When leaders of the G20 nations arrive in Zhejiang Province, China, next week for the G20 summit, they will be greeted by a different skyline than they might have seen five years ago.
The sky scrapers and shopping malls that have become the hallmark of China’s phenomenal economic growth will still be there, but the bright red Christian crosses which were once just as much a feature of Zhejiang have been taken down.
Removal of crosses in Zhejiang Province
Hundreds of crosses have been removed by the authorities since early 2014, as part of a campaign allegedly introduced to rid the province of structures which violate building regulations. Under draft regulations, crosses now have to be flat against outer walls, and their size and colour are restricted. The authorities have sometimes employed violent tactics in the face of protests by church members. Christian leaders who have opposed the cross removals through letters or peaceful gatherings have been arrested and accused of economic crimes.
It may be no coincidence that the site of the cross removal campaign is the same province selected to host the G20.
It has been a year since over 300 human rights lawyers, activists, as well as those connected to them (including their friends and family), were detained by the Chinese government. That’s equivalent to one person harassed or disappeared every day since last July. Some of these lawyers have since vanished into China’s prison system. Others were released, but have lived with the threat of re-arrest hanging over them ever since.
For the lawyers that are left, what remains of their lives and careers? Read our story of Li Jing, a young lawyer watching the events of the July crackdown unfold around her.
This composite case study is constructed from real accounts. Similar things have happened, but we have changed the details.
Click here to read the story
Casto Hernández Hernández (right) with his pastor
Casto Hernández Hernández and his cousin Juan Placido Hernández Hernández were first imprisoned and then forcibly displaced in March 2015 after they refused to renounce their Protestant beliefs. Despite the open admission by a village leader in early court hearings that he had attempted to force the men to change their religious beliefs, the case dragged on for almost eleven months, with the Public Ministry repeatedly cancelling or postponing hearings [See more].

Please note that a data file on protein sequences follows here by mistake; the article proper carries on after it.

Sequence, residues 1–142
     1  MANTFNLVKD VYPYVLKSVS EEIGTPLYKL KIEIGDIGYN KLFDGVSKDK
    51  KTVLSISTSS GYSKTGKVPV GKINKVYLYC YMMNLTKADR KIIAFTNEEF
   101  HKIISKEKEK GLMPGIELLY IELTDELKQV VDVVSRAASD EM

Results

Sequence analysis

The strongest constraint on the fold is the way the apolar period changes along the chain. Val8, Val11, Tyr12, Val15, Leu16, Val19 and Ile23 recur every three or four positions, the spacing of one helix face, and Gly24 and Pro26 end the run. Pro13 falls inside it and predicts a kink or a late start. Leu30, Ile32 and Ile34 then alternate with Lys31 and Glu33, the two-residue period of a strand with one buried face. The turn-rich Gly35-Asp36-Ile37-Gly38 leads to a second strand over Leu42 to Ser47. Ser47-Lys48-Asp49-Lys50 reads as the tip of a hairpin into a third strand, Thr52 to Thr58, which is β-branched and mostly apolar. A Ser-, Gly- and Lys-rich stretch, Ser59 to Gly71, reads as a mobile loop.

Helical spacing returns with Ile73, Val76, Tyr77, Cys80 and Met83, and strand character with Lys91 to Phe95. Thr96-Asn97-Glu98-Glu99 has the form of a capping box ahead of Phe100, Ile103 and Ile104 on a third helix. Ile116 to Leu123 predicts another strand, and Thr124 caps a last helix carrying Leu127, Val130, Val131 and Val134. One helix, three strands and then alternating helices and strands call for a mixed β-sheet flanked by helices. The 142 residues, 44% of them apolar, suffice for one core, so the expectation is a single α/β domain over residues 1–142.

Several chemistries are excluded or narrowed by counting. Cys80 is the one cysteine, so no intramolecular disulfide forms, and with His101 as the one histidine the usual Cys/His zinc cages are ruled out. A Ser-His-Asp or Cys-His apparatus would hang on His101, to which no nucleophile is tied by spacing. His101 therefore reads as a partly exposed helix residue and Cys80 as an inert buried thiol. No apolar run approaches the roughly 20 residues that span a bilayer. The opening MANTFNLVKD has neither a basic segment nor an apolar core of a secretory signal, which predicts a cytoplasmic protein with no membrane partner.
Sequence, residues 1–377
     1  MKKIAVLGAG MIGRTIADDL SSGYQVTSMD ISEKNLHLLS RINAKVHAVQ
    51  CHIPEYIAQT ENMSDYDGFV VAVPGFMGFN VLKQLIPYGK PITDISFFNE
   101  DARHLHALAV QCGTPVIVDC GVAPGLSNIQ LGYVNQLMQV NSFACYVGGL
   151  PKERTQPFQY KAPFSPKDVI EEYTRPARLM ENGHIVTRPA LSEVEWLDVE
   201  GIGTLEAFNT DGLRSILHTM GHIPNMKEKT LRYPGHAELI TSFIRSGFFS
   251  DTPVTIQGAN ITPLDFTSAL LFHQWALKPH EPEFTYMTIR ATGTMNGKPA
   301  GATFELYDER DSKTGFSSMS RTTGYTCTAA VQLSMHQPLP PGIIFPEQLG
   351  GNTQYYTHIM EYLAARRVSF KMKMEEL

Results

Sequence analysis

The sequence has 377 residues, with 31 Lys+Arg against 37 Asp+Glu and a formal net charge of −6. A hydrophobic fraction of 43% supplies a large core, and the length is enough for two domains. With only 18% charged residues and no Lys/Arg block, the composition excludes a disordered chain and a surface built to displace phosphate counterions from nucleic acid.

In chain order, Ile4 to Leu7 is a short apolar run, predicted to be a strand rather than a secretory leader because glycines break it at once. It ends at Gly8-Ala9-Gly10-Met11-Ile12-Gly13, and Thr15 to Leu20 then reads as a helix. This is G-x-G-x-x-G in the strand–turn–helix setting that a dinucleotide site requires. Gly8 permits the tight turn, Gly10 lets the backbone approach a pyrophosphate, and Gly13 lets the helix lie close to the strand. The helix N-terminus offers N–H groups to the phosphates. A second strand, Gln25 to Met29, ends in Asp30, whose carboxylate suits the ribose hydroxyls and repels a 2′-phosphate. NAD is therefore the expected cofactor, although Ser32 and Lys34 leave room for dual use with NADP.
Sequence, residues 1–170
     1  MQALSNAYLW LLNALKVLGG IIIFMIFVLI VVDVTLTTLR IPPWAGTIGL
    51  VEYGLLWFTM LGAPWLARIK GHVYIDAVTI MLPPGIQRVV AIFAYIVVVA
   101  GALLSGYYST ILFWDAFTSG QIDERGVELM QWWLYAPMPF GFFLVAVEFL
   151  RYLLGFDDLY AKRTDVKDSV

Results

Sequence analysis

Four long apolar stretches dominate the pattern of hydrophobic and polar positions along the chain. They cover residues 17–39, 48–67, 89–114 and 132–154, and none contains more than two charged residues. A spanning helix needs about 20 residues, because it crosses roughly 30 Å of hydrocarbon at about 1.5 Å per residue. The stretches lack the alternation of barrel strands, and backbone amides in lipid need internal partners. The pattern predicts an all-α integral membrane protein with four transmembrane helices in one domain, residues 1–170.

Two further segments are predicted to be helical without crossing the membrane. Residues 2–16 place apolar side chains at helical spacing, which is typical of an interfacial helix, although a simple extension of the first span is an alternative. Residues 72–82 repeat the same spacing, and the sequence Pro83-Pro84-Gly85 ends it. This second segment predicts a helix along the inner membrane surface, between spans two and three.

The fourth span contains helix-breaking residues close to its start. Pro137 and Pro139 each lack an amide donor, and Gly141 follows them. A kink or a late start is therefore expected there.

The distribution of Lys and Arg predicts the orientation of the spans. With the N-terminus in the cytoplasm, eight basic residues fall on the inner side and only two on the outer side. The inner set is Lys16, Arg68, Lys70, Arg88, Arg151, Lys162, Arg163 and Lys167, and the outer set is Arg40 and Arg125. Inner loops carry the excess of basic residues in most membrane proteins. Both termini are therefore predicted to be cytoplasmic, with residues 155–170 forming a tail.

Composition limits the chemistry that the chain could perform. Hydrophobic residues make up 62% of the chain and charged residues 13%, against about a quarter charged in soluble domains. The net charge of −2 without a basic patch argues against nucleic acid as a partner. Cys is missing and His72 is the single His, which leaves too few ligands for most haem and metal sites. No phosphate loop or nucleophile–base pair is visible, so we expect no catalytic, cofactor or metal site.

Agreement on religious freedom allows the men to return home
On 2 February, the Public Ministry in the state of Hidalgo, Mexico, reached a decision and put in place an agreement between Casto Hernández and Juan Placido Hernández and authorities from the village of Chichiltepec.
The agreement – drafted by the lawyers affiliated with CSW’s Mexican partner Impulso 18 and endorsed by the Public Ministry – guarantees total freedom of religion or belief (FoRB) in the village of Chichiltepec and Casto and Juan Placido’s right to return, with their full religious rights recognised.
According to the director of Impulso 18, Jorge Lee, the village authorities came to the meeting prepared to fight. When they realized they were ‘one step away from going to jail’, however, they changed their position, signed agreement and promised to uphold religious freedom in Chichiltepec.
While none of the village authorities spent any time in prison despite their criminal actions, we, and most importantly Casto and Juan Placido, feel that this agreed outcome is the right course of action.
It establishes their constitutional rights in a very clear way but also allows them to re-join their community in as harmoniously a way as possible. The concern was that if the authorities were thrown in prison, the levels of hostility would be so high, and the rupture in the indigenous community network so profound that it would be impossible for the two men to ever return home.
In October 2014, the Chinese Communist Party announced that rule of law would be a top priority for the country. However, just one year later, over 150 lawyers and 150 more colleagues, family members and other activists had been questioned, detained, or disappeared in a crackdown which began on 9 July 2015.
Journalists and legal experts have speculated about what ‘strengthening rule of law’ might mean for China’s ruling Party: whatever it means, it doesn’t seem to include rights lawyers.